Indianapolis News and Headlines


As Carrier jobs saved, large swaths of Indy still plagued by joblessness

Posted at 6:44 PM, Nov 30, 2016
and last updated 2016-11-30 18:46:35-05

INDIANAPOLIS -- The news that Carrier would keep nearly 1,000 jobs in Indianapolis out of the 1,400 it planned to move to Mexico was met with joy this week – but for large parts of Indianapolis, the prospect of joblessness remained unchanged.

A new study commissioned by Renew Indianapolis and completed by Alan Mallach at the Center for Community Progress found that 120 out of 226 census tracts in Indianapolis have seen a decrease in employment since 2000 – some of them drastically.

The study used census data from 2000 and five-year estimates from 2010-2014 to look at poverty, household income, home value, employment and other factors in Indianapolis.

It found that, of those 120 census tracts that have seen a decrease in residents with primary jobs, 47 have had a decrease greater than 15%.

On the whole, Indianapolis has seen about a 0.3 percent decrease in labor force with primary jobs.

Source: U.S. Census Bureau and The Center for Community Progress

Compounding the issue: While Indianapolis added 38,000 new jobs between 2000-2014, it also lost 19,000 jobs actually held by residents of the city. That means 57,000 more commuters than in 2000.

"It's undermining the health of the neighborhoods where people live."

Taken altogether, the increase in commuters and decrease in employed city residents can have a destabilizing effect in Indianapolis neighborhoods, Mallach said.

"It's undermining the health of the neighborhoods where people live," he said. "The first thing is, you're seeing a lot of neighborhoods where the number of people holding jobs is declining in absolute numbers, period. The second thing is, you may see an increase in people holding jobs, but instead of being able to work close by, they have to work outside the county, which means greater cost and time to commute, these jobs are less stable, and a lot of these jobs don't pay as well because they're in shopping malls, assisted living, things like that. It's not as strong an economic base for a neighborhood as it would be if people could either get better jobs or jobs closer to home."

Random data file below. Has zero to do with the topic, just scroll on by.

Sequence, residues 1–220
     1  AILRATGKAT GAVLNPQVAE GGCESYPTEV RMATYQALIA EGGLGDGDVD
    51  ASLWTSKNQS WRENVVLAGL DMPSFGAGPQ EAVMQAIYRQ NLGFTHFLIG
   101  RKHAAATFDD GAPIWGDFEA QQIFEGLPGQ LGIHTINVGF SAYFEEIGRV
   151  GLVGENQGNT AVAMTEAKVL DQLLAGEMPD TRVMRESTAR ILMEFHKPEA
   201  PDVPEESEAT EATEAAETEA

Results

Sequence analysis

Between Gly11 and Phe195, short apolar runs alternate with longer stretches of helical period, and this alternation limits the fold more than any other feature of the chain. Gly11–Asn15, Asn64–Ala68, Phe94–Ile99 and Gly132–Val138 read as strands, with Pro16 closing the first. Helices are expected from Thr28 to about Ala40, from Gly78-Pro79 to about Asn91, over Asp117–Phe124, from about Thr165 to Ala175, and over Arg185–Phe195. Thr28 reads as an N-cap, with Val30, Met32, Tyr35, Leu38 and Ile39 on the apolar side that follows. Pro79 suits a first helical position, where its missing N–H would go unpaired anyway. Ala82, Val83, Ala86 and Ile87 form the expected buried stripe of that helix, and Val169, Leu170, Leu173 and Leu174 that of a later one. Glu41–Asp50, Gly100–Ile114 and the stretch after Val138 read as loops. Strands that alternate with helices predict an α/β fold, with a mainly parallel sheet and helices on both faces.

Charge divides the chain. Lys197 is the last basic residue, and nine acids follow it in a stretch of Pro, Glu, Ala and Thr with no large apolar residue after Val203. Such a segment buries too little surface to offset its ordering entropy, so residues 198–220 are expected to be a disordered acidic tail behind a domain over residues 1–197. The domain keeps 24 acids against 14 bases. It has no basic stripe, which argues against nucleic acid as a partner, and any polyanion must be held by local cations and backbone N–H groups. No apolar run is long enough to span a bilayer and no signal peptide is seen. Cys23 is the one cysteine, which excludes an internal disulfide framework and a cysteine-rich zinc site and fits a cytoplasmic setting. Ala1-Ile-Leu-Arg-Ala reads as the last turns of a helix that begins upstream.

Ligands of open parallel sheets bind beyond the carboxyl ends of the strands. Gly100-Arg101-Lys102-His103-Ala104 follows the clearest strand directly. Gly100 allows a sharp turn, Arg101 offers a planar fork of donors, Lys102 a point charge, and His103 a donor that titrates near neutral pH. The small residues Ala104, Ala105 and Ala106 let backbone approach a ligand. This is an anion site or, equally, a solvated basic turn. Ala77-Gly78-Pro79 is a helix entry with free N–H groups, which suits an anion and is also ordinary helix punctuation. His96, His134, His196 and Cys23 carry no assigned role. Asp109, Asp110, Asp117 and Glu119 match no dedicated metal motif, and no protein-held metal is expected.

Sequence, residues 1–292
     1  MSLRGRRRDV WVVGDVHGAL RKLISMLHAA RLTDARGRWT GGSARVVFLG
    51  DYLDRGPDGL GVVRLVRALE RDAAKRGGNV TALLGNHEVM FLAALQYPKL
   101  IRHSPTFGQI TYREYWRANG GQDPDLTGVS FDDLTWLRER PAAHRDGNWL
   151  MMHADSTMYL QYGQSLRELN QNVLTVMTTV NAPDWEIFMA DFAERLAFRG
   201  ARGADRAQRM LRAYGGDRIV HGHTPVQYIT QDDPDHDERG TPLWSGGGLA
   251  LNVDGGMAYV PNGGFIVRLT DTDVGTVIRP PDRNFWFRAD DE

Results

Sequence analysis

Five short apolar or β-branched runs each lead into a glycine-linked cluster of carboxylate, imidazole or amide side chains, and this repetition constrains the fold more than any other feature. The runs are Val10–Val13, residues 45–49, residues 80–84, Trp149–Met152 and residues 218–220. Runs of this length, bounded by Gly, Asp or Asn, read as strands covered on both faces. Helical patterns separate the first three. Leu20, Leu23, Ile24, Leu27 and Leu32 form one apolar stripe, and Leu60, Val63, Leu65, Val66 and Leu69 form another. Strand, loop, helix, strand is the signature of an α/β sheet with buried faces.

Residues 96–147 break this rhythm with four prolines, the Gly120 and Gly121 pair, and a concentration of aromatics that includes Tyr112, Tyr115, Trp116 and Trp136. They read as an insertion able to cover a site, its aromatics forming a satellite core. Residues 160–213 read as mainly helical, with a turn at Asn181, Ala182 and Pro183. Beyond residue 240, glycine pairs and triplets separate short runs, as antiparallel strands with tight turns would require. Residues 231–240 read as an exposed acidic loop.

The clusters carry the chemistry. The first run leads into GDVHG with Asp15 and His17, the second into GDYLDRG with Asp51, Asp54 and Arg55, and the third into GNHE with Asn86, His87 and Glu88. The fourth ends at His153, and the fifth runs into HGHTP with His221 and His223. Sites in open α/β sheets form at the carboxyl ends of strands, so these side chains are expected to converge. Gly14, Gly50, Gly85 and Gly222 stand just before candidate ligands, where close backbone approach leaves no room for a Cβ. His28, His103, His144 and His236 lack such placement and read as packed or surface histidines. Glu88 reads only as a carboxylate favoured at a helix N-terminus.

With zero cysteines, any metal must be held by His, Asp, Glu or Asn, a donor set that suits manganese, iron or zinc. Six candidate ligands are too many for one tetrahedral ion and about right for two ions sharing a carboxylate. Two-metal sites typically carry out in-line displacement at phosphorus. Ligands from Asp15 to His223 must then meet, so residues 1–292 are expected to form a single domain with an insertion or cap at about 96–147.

On a more positive note, 68 census tracts have bucked the trend and seen an increase in their employed labor force, with a little more than 30 seeing increases greater than 15 percent.

Downtown in particular has seen some of the biggest increases in employment. Fletcher Place, located on the southeast side of downtown and just west of Fountain Square, saw a 95-percent increase in employed residents over the study's time period.

It's also one of the few places in the city that saw median household income increase enough between 2000-2014 to keep up with inflation.

Source: U.S. Census Bureau and The Center for Community Progress

Mallach attributes that boost primarily to Millenials, who he says have flocked to downtowns across the country.

"The first thing is: What is driving the revival of areas in and around downtown is, more than anything else, is a significant upsurge in young people with college degrees who are moving to cities. The so-called Millenials," Mallach said. "It's real, it's powerful, and it's the single-largest factor, in my opinion, in driving the revitalization of downtowns."

He could be right: In August, real estate site Trulia pegged Indianapolis as the best city for young professionals to buy a home and start their careers.

At the same time, The New York Times reported last week on data from IPUMS-USA at the University of Minnesota showing that, on the whole, Indiana has had one of the worst rates in the nation of young college graduates leaving the state.

"There's been a tremendous shift in who has the jobs in Indianapolis."

At the end of the day, though, Mallach says Millenials aren't likely to make or break Indy's economy.

"Even though it's a very powerful economic change, it's not affecting a lot of areas outside of the core of the city," he said. "At the same time, what you're seeing in the rest of the city is a whole cluster of things that are undermining traditional single-family neighborhoods. There's been a tremendous shift in who has the jobs in Indianapolis. When you looking at these working class neighborhoods, there are a lot fewer people who have jobs, especially jobs in the city, than there used to be."

Jordan Fischer is RTV6's senior digital reporter. He covers crime, justice and the issues that affect Indianapolis' neighborhoods. Follow his reporting on Twitter @Jordan_RTV6 or on Facebook.